What wisdom did you learn from your experience?
When I first came in contact with the Agile methodology, 2011, I discovered that it was possible to get successful results in complex and extensive change programs. During that period of Agile transitions at companies, I read the 2009 book “Drive”, by Daniel Pink. His new vision on workplace motivation, which he described as “Motivation 3.0”, gave me so much insight into what drives people today in becoming successful as a person and as a team.
The intrinsic motivation Pink talks about in his book is exactly the area where a coach operates, to get teams and team members into taking ownership. The 3 key components of intrinsic motivation that Pink addresses are components that I personally can relate to:
Autonomy is the need to direct your own life and work. The career path that I have taken up until now has been formed multiple times by choices that I made because I wanted it, or I needed it. I took opportunities to explore new things and figure out what worked well for me and what did not.
Mastery is the desire to improve. I see mastery as a catalyst for my development. Therefore, I am more likely to succeed in my goal because I am not afraid to learn from my mistakes since I know they contribute to improving myself. This doesn’t mean that improving or learning from mistakes is always easy, but it is much more rewarding than the alternative of learning nothing.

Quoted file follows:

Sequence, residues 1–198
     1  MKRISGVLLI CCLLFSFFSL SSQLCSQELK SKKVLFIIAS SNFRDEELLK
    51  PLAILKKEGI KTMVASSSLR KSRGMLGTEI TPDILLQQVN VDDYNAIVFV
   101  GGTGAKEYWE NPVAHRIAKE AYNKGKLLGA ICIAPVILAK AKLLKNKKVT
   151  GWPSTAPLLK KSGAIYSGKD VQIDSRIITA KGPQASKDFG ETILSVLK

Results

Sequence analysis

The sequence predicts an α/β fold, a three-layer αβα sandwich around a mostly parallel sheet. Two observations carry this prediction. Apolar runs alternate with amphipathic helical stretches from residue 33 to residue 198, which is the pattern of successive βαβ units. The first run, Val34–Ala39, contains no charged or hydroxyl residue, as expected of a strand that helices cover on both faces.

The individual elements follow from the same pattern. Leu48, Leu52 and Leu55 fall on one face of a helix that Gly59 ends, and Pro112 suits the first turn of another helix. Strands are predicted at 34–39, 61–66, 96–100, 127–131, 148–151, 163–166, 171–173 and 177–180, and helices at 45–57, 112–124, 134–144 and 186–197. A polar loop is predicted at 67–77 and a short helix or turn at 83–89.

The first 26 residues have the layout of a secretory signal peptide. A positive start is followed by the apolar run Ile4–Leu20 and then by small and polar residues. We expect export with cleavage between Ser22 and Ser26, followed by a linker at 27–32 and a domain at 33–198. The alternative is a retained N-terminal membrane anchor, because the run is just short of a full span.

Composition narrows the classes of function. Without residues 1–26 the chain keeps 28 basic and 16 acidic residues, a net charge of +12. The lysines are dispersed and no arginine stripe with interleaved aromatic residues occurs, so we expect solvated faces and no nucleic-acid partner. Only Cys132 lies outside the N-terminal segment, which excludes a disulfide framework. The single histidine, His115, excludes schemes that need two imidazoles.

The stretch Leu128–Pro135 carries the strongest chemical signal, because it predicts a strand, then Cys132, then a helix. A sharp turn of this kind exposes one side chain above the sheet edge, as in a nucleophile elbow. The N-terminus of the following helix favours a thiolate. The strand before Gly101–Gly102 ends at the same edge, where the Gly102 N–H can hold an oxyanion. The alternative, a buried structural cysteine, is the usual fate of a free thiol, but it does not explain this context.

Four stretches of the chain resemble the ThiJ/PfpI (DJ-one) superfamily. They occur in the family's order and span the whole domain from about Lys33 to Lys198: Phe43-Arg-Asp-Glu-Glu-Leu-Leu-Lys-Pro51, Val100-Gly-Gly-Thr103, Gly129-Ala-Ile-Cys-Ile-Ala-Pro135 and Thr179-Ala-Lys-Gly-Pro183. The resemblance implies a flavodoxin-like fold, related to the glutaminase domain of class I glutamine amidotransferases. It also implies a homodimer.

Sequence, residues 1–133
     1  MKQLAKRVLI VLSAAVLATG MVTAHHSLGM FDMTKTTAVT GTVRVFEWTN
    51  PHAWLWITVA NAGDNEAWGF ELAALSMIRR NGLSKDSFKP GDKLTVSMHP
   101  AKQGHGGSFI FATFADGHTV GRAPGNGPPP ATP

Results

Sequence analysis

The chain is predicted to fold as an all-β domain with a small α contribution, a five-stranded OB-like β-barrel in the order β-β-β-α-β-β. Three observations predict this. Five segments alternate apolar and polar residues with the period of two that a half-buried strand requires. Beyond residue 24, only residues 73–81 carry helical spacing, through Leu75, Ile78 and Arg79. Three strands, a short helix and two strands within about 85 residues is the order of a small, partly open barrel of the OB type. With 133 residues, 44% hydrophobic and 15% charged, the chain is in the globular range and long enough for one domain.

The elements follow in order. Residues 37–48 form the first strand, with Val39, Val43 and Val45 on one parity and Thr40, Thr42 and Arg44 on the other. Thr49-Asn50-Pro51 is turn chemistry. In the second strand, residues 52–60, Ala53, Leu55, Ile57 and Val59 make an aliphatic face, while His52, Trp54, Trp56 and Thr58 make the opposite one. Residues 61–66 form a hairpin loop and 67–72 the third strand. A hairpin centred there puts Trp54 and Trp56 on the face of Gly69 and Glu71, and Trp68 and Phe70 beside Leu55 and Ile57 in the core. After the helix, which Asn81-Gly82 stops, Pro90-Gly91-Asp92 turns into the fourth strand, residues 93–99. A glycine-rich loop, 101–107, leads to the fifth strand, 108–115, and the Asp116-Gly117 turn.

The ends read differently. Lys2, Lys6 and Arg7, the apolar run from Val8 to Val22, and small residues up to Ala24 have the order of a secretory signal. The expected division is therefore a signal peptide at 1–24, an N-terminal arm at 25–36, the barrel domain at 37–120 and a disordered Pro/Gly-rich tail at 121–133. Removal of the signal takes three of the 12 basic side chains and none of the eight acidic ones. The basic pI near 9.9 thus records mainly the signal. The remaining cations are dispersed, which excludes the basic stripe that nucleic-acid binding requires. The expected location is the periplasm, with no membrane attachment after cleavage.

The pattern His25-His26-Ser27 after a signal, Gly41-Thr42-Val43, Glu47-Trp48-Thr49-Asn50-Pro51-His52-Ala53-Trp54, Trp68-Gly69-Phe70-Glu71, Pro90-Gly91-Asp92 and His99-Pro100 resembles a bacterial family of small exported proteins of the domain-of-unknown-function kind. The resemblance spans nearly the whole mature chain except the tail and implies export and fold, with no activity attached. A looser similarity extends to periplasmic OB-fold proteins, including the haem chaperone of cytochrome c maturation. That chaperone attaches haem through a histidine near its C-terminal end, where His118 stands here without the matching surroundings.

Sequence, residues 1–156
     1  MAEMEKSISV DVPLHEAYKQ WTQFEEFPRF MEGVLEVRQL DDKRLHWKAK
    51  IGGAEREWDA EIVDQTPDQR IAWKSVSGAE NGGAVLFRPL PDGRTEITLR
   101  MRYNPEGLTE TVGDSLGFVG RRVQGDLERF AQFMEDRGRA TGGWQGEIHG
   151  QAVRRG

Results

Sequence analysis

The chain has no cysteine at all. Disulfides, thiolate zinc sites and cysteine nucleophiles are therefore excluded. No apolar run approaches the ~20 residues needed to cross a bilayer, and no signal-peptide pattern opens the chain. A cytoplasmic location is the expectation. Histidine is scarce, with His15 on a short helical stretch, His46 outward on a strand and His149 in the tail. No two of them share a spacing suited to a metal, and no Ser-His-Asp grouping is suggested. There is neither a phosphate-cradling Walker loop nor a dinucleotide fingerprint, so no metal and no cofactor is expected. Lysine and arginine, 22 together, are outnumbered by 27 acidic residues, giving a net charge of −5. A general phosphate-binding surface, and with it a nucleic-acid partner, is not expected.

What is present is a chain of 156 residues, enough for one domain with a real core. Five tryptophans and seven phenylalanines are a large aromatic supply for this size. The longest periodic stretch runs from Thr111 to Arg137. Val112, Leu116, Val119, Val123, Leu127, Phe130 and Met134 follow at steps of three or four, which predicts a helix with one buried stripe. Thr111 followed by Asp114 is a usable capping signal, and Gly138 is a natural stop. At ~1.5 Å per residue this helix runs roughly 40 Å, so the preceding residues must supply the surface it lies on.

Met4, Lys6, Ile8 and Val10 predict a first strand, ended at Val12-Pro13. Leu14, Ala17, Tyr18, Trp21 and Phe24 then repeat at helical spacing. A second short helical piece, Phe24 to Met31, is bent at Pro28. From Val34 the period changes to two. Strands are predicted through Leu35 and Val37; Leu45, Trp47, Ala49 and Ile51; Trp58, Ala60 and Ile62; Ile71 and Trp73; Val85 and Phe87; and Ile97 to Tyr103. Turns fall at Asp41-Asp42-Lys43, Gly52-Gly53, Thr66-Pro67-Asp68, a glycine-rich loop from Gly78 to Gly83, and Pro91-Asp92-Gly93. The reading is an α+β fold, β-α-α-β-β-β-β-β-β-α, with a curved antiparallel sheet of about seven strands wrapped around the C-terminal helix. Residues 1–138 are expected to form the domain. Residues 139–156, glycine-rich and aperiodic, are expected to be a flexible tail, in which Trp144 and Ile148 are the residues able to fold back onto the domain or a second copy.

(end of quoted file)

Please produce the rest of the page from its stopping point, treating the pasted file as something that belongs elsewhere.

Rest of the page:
Purpose has to do with focus on the ‘greater good’ or ‘the bigger picture’. I am here on earth not just for myself but for the people and the things around me. For me contributing to those elements is much more satisfying than focusing on myself most of the time.
Why did you become a WeQ Certified Master Coach?
I think it was because the WeQ game mechanics weave intrinsic and extrinsic motivations into a whole memorable experience, and that’s the most powerful way to help us to reach our goals. Some years ago, I read a quote from Benjamin Franklin that captures my motivation to use gaming elements in workshops. He said:
Most people I work with like games, to a greater or lesser extent, and game mechanics are an easy way to get people involved, which therefore lets them learn. Another aspect of WeQ that interests me is the feedback process. In Agile teams this is one of the fundamentals to becoming successful. And in the WeQ workshop, becoming better in giving and receiving feedback is very well incorporated.
WeQ involves the whole group playing together, so they learn how to share feedback in a mature way. I am very curious to know what drives your team. How well are they doing in giving and receiving feedback? Are you curious as well? Try the simple self assessment and find out!
Thank you Edward!
Do you know someone who might be interested in becoming a WeQ Coach like Edward? Learn more about the WeQ certification training course.